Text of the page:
Previously Furloughed Employees At The DECC Permanently Laid Off

The DECC now only has about $1 million left in its cash reserve.

DULUTH, Minn. – Roughly 400 previously furloughed employees at the Duluth Entertainment Convention Center are now being permanently laid off — some who have only been employed for months and others for decades.

This move comes as big economic blows to the center continue to happen during the ongoing global pandemic.

The organization is now losing about $200,000 a month.

If current trends continue, the deficit is projected to be about $2 million by the spring of 2021.

Back in April, the DECC was forced to furlough just about all of its staff as the pandemic began creating financial strains.

Originally, it employed about 500 full and part-time workers.

Now the cash-strapped operation is down to only around 50 employees after deciding to permanently let go of those previously furloughed workers.

“It’s trying to manage a really difficult financial situation at the DECC. It’s also about being transparent with people who are trying to figure out their lives,” said Interim Executive Director Roger Reinert. “It’s difficult to tell people to hang with us in this temporary, suspended category when really those jobs are gone.”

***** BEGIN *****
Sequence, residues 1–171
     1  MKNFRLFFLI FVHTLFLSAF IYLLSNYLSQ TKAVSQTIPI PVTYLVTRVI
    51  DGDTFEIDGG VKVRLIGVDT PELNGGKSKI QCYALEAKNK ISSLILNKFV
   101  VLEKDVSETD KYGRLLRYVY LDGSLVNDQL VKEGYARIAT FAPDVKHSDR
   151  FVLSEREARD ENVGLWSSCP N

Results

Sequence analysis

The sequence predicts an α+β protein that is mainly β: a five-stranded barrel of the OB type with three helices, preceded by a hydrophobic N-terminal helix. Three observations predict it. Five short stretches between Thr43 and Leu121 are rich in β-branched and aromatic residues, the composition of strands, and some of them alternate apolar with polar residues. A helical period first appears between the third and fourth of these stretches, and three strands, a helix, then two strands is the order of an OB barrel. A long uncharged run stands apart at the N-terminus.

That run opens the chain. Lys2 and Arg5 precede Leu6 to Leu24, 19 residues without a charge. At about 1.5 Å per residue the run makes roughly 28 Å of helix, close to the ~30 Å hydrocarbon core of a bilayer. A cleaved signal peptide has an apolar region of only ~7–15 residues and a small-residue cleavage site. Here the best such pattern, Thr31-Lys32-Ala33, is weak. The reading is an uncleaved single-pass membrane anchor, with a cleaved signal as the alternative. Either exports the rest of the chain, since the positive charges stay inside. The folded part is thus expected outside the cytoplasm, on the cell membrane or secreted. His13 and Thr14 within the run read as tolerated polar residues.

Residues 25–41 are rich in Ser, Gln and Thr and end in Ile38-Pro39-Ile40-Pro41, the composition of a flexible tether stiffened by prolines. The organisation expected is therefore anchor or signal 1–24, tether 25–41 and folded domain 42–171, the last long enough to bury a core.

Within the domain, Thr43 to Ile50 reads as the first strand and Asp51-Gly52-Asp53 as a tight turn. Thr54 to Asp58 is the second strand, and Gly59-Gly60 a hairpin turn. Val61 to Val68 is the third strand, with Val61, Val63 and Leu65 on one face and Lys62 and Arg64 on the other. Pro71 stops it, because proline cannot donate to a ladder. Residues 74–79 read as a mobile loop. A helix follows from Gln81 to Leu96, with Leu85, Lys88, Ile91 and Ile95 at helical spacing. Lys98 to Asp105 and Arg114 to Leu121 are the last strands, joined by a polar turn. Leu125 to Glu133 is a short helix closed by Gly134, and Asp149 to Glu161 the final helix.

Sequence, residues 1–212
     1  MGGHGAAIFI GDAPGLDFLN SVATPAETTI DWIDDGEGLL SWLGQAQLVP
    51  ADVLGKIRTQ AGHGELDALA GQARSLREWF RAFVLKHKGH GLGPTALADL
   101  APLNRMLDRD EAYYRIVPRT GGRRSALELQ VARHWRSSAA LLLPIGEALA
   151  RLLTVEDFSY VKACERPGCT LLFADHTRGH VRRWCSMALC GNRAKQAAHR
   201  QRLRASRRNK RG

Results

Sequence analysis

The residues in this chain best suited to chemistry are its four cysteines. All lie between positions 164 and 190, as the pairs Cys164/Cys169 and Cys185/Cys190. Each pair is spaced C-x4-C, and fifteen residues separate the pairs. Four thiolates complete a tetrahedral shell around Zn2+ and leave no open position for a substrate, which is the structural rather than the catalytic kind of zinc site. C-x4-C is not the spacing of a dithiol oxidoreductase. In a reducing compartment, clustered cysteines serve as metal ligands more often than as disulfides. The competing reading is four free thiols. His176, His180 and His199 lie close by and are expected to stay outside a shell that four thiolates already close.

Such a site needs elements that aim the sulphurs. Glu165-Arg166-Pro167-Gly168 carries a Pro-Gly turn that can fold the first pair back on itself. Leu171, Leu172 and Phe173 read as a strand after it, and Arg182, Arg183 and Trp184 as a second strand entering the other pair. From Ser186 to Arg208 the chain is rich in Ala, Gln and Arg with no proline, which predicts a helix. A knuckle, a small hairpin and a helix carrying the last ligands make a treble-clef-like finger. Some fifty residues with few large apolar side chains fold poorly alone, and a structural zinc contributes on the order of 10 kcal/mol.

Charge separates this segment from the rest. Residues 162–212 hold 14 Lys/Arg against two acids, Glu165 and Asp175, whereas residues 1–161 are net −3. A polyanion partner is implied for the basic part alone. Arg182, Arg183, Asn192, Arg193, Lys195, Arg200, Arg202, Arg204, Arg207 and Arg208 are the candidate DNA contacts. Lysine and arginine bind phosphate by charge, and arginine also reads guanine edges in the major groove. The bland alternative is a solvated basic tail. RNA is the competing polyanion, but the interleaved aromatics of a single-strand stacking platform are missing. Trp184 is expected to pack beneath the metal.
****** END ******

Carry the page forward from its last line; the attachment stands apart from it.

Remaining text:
Most of the jobs being eliminated are part-time positions at the William A. Irvin and Amsoil Arena.

Reinert personally signed off on all of the layoffs, which he says was difficult and was not the legacy he would have chosen coming in as the interim executive director.

He also says he hopes the legacy he does leave behind is the DECC surviving the pandemic.

To date, the DECC has not received any money from outside help.

It has not been able to qualify for payroll protection or cares act funding because it’s an organization supported by the federal government but operated privately.

The DECC now only has about $1 million left in its cash reserve.

Meanwhile, Reinert says he is looking for non-traditional ways of using the convention center’s 800,000 square feet of space, and he’s encouraging people to send him ideas not matter how wild they may seem.  He says all will be considered as long as they are safe and meet state pandemic guidelines.

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